Florida’s First District Court of Appeal has reversed a Judge of Compensation Claims’ order denying an injured employee’s request for stipulated costs in a workers’ compensation case. In Gobel v. American Airlines, a Florida worker successfully pursued medical benefits payments from his employer following a workplace accident. After that, the parties jointly submitted a stipulation request related to the employee’s legal fees and costs to a Judge of Compensation Claims (“JCC”). As part of the stipulation, the man’s employer agreed to pay him $200 in costs.
The JCC reviewed the parties’ request and ultimately denied the stipulation regarding costs. According to the JCC, it was unclear whether the $200 constituted actual costs or disguised legal expenses, since the parties failed to submit supporting documentation with their request. In response, the hurt worker argued that such supporting documentation was not required under Rule 60Q-6.123(5) of the Florida Administrative Code because the stipulated amount was less than $250. The JCC rejected the woman’s claim and stated the rule was not valid.
On appeal, Florida’s First District Court of Appeal found that both the injured worker and the JCC mistakenly relied on Rule 60Q-6.123(5) in the case. According to the court, the rule only applied to settlements that were entered into under Section 440.20(11) of the Florida Statutes. The Florida court said Section 440.20(11) only pertains to settlements that require an injured worker to pay his or her own legal fees out of a lump sum payment that extinguishes all liability claims. In the case at hand, however, the injured man’s employer agreed to pay for his costs separately.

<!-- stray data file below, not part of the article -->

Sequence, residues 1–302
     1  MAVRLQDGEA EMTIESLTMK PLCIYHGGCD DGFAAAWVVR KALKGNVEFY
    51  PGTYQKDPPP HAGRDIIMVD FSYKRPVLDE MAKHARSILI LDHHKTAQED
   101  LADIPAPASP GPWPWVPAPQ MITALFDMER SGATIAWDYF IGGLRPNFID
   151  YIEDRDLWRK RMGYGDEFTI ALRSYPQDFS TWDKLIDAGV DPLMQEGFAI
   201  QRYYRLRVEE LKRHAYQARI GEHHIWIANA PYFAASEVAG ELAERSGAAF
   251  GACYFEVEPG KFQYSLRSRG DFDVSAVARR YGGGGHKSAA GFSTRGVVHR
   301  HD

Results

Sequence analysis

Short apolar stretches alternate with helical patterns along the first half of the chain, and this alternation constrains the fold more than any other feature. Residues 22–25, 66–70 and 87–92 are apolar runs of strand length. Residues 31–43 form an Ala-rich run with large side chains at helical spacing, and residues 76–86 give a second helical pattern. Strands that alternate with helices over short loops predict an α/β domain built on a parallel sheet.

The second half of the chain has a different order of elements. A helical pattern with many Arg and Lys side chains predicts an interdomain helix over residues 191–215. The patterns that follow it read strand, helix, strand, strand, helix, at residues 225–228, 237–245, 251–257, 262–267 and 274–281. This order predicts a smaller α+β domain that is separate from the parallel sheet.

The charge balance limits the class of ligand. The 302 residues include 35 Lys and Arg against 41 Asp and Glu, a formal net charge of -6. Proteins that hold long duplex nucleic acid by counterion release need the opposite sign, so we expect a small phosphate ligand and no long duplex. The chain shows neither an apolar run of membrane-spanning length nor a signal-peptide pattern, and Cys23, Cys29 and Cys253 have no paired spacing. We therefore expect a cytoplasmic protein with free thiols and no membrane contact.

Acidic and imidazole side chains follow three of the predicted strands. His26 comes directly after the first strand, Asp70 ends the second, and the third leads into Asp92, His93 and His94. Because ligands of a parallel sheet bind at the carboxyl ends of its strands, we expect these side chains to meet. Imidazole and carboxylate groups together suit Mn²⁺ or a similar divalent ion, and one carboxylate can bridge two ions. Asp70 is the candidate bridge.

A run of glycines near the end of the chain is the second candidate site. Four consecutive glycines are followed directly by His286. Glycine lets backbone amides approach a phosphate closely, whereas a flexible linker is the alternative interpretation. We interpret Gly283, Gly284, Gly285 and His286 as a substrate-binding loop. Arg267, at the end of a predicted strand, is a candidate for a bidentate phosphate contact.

Next, the appellate court said Rule 60Q-6.124(2) of the Florida Administrative Code applied to the injured employee’s case. The court added that the rule allows parties to stipulate to an amount of legal fees and costs without providing any supporting documentation or justification. Since such stipulations and settlements are governed by Florida contract law, the appeals court stated that no specialized rules applied to the case.
Since Rule 60Q-6.123(5) did not apply to the injured worker’s case, and the JCC’s concern regarding the parties’ proposed stipulation was misplaced, Florida’s First District Court of Appeal reversed the JCC’s order denying the injured employee’s request for stipulated costs and remanded the case.
If you were injured or someone close to you was killed in a South Florida workplace accident, you need a skilled personal injury attorney on your side to advocate on your behalf. To discuss your rights with a hardworking Miami workers’ compensation lawyer today, call the dedicated advocates at Friedman, Rodman & Frank, P.A. at (305) 448-8585 or contact us through our website.
Gobel v. American Airlines, Fla: Dist. Court of Appeals, 1st Dist. 2015
More Blog Posts:
Middle District of Florida Holds Bad Faith Insurance Claim Should be Decided by a Jury, December 4, 2015, South Florida Personal Injury Lawyers Blog
Florida Appeals Court Overturns Unsupported Additur Award in Traffic Wreck Case, December 1, 2015, South Florida Personal Injury Lawyers Blog